Intel unveils next-gen Thunderbolt 5 delivering speeds as high as 120Gbps
Note: This article was first published on 13th September 2023.
When Intel quietly officiated their Thunderbolt 5 connectivity standard promising up to 120Gbps transfer rates, on the same day Apple launched their iPhone 15 that boasts a USB-C connection with 480Mbps transfer rates,you can understand why this seems like a light jab at them.
To be fair, Apple does support up to 10Gbps USB 3.0 transfer rates over USB-C on theiPhone 15 Promodels. However, the standard iPhone 15 and 15 Plus are stuck with USB 2.0 transfer rates, which is a little ludicrousconsidering the cost of the phone.
Getting back to Intel's announcement, this is what you'll get on the new Thunderbolt 5:-
80Gbpsof bi-directional bandwidth (double that of Thunderbolt 3 and 4)Thunderbolt Bandwidth Boost:- Three times the throughput for video-intensive usage, up to 120Gbps in a single directionDouble the PCI Express data throughput for faster storage and external graphicsDouble the bandwidth of Thunderbolt Networking for high-speed PC-to-PC connectionsSupport for USB4 V2, DisplayPort 2.1 and PCIeGen 4New signalling technology, PAM-3, to deliver thesignificant increases in performanceBackward compatible to Thunderbolt 3 and 4, including USB4 standards.
So, while Thunderbolt 5 officially supports 80Gbps of bidirectional bandwidth, it's designed to be more flexible, allowing more lanes to work in the downstream direction to boost the bandwidth up to 120Gbps for high display traffic volume situations. This video exemplifies how Thunderbolt Bandwidth Boost works as simple as possible:-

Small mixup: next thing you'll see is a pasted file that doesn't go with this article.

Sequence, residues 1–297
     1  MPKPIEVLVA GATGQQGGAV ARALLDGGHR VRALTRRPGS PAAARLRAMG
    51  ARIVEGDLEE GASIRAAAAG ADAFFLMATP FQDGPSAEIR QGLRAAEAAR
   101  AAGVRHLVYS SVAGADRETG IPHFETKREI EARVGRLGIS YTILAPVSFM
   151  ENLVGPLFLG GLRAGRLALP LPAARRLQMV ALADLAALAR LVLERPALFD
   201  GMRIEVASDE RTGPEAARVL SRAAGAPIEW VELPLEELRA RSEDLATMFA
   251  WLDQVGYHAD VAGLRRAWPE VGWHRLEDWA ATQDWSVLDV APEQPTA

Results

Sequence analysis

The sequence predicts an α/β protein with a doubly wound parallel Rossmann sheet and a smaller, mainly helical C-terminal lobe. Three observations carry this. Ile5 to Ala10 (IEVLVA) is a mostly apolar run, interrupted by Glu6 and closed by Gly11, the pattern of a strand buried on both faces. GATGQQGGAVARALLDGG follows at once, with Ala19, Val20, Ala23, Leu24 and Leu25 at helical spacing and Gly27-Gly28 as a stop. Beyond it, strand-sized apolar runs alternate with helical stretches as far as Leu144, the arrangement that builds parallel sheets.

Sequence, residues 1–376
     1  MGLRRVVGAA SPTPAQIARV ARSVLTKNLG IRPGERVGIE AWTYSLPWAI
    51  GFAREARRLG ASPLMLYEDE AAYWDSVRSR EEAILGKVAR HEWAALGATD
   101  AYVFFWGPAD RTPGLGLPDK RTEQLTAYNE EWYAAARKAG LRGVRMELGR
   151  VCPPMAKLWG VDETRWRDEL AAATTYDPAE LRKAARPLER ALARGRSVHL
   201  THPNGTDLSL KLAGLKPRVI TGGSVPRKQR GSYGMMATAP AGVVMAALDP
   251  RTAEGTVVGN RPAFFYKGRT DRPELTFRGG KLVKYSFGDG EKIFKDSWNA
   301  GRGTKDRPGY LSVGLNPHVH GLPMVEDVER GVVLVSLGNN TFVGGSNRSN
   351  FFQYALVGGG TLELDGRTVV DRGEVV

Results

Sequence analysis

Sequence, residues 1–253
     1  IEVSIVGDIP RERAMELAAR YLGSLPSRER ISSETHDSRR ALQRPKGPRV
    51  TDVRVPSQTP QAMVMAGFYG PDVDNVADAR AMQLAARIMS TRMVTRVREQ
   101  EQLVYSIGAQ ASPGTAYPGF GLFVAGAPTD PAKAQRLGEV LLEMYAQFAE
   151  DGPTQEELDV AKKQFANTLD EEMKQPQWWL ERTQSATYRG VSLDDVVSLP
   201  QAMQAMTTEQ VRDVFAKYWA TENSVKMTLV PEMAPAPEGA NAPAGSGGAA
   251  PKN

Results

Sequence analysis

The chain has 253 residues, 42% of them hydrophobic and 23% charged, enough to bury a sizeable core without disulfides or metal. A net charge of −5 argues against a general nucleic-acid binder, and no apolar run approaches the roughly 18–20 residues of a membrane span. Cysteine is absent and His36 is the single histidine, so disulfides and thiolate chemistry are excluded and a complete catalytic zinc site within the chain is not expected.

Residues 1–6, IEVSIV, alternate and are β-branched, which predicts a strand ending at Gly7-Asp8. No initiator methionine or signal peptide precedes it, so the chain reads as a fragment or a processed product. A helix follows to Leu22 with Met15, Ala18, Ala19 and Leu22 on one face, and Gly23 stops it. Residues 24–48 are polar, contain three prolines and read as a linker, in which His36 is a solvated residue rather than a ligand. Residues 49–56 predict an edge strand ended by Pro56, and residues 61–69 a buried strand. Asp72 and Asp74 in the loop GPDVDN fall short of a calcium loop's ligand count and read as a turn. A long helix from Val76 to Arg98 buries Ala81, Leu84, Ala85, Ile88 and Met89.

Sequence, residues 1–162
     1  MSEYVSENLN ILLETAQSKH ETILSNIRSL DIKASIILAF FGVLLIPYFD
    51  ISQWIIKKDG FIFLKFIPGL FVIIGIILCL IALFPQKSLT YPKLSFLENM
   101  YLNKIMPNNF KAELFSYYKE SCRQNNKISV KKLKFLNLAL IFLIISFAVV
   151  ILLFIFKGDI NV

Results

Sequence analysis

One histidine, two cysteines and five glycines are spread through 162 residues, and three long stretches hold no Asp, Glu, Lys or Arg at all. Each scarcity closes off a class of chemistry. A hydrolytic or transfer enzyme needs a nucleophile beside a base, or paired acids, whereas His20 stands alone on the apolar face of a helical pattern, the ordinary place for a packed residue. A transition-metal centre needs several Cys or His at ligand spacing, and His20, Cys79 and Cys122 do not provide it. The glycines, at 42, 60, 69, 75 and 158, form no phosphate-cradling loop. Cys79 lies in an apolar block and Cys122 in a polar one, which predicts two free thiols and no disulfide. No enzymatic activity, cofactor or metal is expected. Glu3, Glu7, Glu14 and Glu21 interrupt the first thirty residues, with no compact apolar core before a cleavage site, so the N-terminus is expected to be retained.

So why is Intel upping the game of their already reliable, dependable and fast connectivity standard, theThunderbolt 4? Now, as good as it is with its 40Gb/s bidirectional data throughput, supply 100W of charging power to your laptop and supports up to 15W of of power output per port to charge devices like your phone or power bank, it doesn't quite cut it anymore with 'only' up to two 4K resolution display support. Indeed, it's plenty for most consumers. Still, for professionals and creators looking for 5K resolution displays or greater with high refresh rates, such as thisSamsung ViewFinity S9 5K screen, there needs to be more bandwidth to go around.
Intel actually outlined their next-gen Thunderbolt capabilities nearly a year ago, but it's only now that they've christened it as Thunderbolt 5 and have also showcased in a video demo ofthe first prototype laptop with Thunderbolt 5 connected to a prototype Thunderbolt 5 dock, connected to a 6K and a 4K display concurrently and having the dock equipped with PCIe Gen 4 storage built-in.
In the image above, you'll note the storage read/write test speeds were recorded to be over 6,200MB/s and 5,300MB/s respectively. That's crazy fast for just a PCIe 4.0 storage over an external Thunderbolt interface, while the same cable is also running the high resolution screens.
When can we expect Thunderbolt 5? Intel says computers and accessories based on Intel's Thunderbolt 5 controller, code-named Barlow Ridge, are expected to be available starting in 2024. So stay tuned.
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